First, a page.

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Court TV Heats Up ‘Heists’

Mar 7, 2005  •  Post A Comment

Once buttoned-down Court TV is taking a racier tack as it promotes its new show “Impossible Heists.”

A print and outdoor campaign running in New York, where, not coincidentally, a lot of media buyers and planners live, uses headlines like “It’s not the size of the tool … it’s how you use it,” “Well hung” and “She’d rather be tied up than tied down.”

If the campaign sounds a bit like something cheeky upstart music channel Fuse might have run, it’s no coincidence. Court TV’s new general manger, Marc Juris, and Mary Corigliano, its new senior VP of marketing, recently segued to Court from Fuse.

Mr. Juris said it’s not the kind of ad Fuse would have run, “Because the people are not young enough in this ad,” calling the Court TV push “a very different kind of campaign.”

“It’s sophisticated and adult,” he said. “But then again, I think it is designed to capture what we think is sexy and hot about this show.”

“Impossible Heists,” launching March 15, is a “new kind of reality show,” said Mr. Juris, who dubs it “expert reality.” The show features teams of experts with special skills, such as rappelling or locksmithing, and sees whether they can recreate real-life burglaries.

The opening show recreates the theft of a $10 million painting from an estate in England. The estate had lions patrolling the ground, and the Court TV show has real lions as well.

Each show features a mini-documentary about the original real-life crime. At the end of each show, a forensics team studies the “crime scene” for clues the competing teams left behind. At the end of the show’s five-episode run, the team that does best wins a $100,000 prize.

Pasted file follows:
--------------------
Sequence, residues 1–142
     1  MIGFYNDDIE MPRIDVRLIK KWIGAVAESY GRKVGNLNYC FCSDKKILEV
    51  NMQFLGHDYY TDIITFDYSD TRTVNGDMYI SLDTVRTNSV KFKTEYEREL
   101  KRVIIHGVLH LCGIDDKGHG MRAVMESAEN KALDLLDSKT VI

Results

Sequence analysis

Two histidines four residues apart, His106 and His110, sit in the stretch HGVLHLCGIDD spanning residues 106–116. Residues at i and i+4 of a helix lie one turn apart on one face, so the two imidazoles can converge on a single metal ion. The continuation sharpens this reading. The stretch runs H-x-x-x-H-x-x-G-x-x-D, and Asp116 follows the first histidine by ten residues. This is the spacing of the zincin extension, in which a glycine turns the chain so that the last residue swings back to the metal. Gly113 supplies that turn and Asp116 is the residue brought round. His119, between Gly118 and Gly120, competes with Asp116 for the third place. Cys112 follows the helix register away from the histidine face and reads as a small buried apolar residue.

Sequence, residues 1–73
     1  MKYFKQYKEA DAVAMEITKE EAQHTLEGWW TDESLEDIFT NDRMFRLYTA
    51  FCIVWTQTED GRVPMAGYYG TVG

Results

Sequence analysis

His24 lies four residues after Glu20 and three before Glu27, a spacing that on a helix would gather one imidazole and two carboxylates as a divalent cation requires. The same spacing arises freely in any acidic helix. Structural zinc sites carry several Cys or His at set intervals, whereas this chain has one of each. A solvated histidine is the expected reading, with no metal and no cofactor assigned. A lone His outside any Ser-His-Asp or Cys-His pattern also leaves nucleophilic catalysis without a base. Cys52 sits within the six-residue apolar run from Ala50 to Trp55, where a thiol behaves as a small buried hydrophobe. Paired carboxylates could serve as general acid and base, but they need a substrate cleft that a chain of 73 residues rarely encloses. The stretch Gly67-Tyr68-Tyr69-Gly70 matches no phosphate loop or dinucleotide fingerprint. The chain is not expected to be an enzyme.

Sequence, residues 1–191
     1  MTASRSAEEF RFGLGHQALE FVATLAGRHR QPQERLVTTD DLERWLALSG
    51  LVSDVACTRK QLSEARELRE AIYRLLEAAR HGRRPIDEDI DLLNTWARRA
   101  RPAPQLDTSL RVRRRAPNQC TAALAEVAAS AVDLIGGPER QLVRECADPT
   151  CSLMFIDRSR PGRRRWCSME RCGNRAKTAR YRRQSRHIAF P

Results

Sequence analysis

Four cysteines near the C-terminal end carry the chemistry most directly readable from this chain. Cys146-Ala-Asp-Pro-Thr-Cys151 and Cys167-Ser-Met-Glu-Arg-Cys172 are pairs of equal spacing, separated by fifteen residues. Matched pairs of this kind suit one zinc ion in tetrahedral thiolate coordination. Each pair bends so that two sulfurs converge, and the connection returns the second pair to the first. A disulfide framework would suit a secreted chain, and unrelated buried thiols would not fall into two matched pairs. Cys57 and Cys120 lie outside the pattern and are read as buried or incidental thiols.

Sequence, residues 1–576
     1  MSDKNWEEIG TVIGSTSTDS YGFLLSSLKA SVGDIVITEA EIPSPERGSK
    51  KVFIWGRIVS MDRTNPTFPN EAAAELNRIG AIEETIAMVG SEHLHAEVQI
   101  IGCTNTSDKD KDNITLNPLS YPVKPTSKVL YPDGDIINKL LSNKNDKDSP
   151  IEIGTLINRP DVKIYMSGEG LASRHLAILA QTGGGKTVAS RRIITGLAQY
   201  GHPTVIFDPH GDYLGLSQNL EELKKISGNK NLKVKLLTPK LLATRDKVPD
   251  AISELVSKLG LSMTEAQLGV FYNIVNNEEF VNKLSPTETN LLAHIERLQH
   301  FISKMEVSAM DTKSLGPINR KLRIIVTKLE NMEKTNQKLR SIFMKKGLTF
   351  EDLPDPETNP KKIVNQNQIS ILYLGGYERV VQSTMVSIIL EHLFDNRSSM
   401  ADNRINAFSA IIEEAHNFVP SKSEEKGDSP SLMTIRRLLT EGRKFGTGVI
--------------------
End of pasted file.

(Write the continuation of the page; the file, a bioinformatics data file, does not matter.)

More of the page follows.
“It’s pushing the boundary of The Investigation Channel [Court TV’s prime-time persona] in that this is really about experts figuring out how to do the same thing, and then having a group of experts come in and investigate,” Mr. Juris said. “So at the end, it pays off back to The Investigation Channel.”

The show is designed to attract a young audience, in the 18 to 49 demographic range, but “also, we think our existing audience will be entertained by the real-life aspect,” Mr. Juris said.



‘Of Ice and Men’

The show is being programmed as Court TV’s tentpole event for March. In the nine days leading up to the premiere, the network will run specially selected episodes of its show “Masterminds” that feature jewel robberies. The theme will be “Of Ice and Men.”

AOL Netscape has bought the presenting sponsor position for “Heists,” said Charlie Collier, executive VP of ad sales at Court TV. In addition to advertising on the show and in-show graphics, Netscape will be mentioned in on-air and off-air promotions for the show.

The show will also be promoted through a wireless contest that offers a $10,000 prize to viewers who crack a code via text messaging. “It’s a really fun way to get our audience involved,” Ms. Corigliano said.

Court TV will also hold a safecracking event March 14 at New York’s Time Warner Center (Time Warner is part owner of Court TV). The person who decodes the safe will win $25,000. Other prizes being offered include iPods, movie tickets and Court TV premiums.

Court TV will run spots for the show on networks including FX, USA, ESPN, ESPN2, Spike, E!, TNT, NBC and CBS, plus regional spots on Comcast, local cable in the top 15 markets, local broadcast in New York, Los Angeles and Detroit, and “The Today Show” in New York.

“Because we were designing this as a New York outdoor media campaign, we wanted to be bold, imaginative, entertaining be-cause we felt that if the ads weren’t entertaining, you would not reach the conclusion that the show was entertaining,” Mr. Juris said. “And we thought there was an opportunity with this particular show to be what we like to call respectfully irreverent and have a little fun, be sophisticated, have a little bit of a wink, but to say this is a new kind of show on Court TV.”

He said that New York is a very “noisy” media city. “We wanted people to stop, look, take notice.”

The print ads will run in Entertainment Weekly, Time Out in New York and Chicago, The New York Times and the New York Post.